Good Buddies - Symbiosis

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1 Good Buddies - Symbiosis Name Fill in the chart below with pairs of organisms to illustrate examples of each type of symbiotic relationship. Use to show if the organism is helped, for not affected, or for harmed. Commensalism Mutualism Parasitism Good Buddies Card Game 1 The dealer passes out 5 cards to each player. The players may look at their cards. 2 The person to the dealer s left starts the game by asking another player (only one) for a specific card - one that would be a good buddy to a card in his hand. 3 If a person does not make a match, he must draw one card from the pile and his turn is over. 4 If the person makes a match, he must say the type of symbiosis that exists between the two organisms before laying down the set of cards and his turn is over. If he cannot give the correct answer, he must hold on to the set and try again on his next turn. He will not get another try to match a different card until the next turn. 5 Players can ask for a card only once during each hand whether or not they make a match. 6 Play continues until one player is out of cards or there are no more cards in the draw pile. The person with the most correct matches laid down during the game is the winner!

2 Good Buddies Symbiosis Classroom Copy Commensalism - A relationship in which one organism benefits and the other is not harmed nor helped. Barnacles create home sites by attaching themselves to whales. This relationship neither harms nor benefits the whales. Remoras attach themselves to a shark s body. They then travel with the shark and feed on the leftover food scraps from the shark s meals. The relationship neither harms nor benefits the shark. The stork uses it saw-like bill to cut up the dead animals it eats. As a result, the dead animal carcass is accessible to some bees for food and egg laying. The relationship neither harms nor benefits the stork. Hermit crabs live in shells made and then abandoned by snails. This relationship neither helps nor harms the snails. As bison walk through grass, insects become active and are seen and eaten by cowbirds. The relationship neither harms nor benefits the bison. Orchids grow inside a bromeliad plant. The orchid obtains water and nutrients from the bromeliad, but does not help or harm it. A sparrow will build its nest under the nest of an osprey. The smaller birds get protection because other predators will not mess with the osprey. The osprey are not helped nor harmed by the sparrow. Mutualism - A relationship in which both organisms benefit. Yucca flowers are pollinated by yucca moths. The moths lay their eggs in the flowers where the larvae hatch and eat some of the developing seeds. Both species benefit. Honey guide birds alert and direct badgers to bee hives. The badgers then expose the hives and feed on the honey first. Next the honey guide birds eat. Both species benefit. Ostriches and gazelles feed next to each other. They both watch for predators and alert each other to danger. Because the visual abilities of the two species are different, they can identify threats that the other animal would not see as readily. Oxpeckers feed on the ticks found on a rhinoceros. The oxpeckers get a meal and the rhinoceros is helped by the removal of the ticks. Wrasse fish feed on the parasites found on the black sea bass s body. The wrasse fish get a meal and the black sea bass is helped by the removal of the parasites. Parasitism - A relationship in which one organism benefits and the other is harmed. Mistletoe extracts water and nutrients from a spruce tree. The spruce tree is harmed. A cuckoo may lay its eggs in a warbler s nest. The cuckoo s young will knock the warbler s eggs out of a nest and the warbler will raise the cuckoo s young. A flea feeds on a mouse s blood and harms the mouse. Ticks will feed on a deer s blood and harm the deer. Heartworms develop inside a dog s heart. The worms cause health problems and may result in death. A wasp lays its eggs on a caterpillar. When the wasp eggs hatch, the larva will eat the caterpillar and kill it.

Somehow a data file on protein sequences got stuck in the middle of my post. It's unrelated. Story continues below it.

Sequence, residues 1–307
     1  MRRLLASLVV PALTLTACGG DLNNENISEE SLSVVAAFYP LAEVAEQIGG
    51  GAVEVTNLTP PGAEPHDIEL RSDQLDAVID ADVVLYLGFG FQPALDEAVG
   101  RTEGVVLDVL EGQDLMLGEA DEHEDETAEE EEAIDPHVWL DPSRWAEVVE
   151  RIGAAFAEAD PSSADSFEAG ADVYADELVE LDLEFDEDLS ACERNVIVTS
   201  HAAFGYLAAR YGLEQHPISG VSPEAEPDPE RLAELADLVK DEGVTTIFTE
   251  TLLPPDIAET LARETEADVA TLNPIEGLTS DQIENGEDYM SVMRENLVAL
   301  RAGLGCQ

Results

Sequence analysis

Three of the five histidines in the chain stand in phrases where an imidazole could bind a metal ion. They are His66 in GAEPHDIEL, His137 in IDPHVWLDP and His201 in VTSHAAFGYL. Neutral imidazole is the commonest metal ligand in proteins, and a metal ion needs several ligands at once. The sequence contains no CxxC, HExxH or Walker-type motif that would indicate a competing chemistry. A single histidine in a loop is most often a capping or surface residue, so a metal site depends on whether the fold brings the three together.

3 Gazelle Ostrich Cuckoo Warbler Yucca Yucca Moth Whale Barnacles Spruce Badger Orchid Bromeliad

4 Wasp Caterpillar Heartworms Dog Osprey Sparrow Flea Mouse Deer Tick Hermit Crab Snail

5 Maribou Stork Bee Honey Guide Bird Mistletoe Rhinoceros Oxpecker Shark Remora Black Sea Bass Wrasse Fish Cowbird Bison

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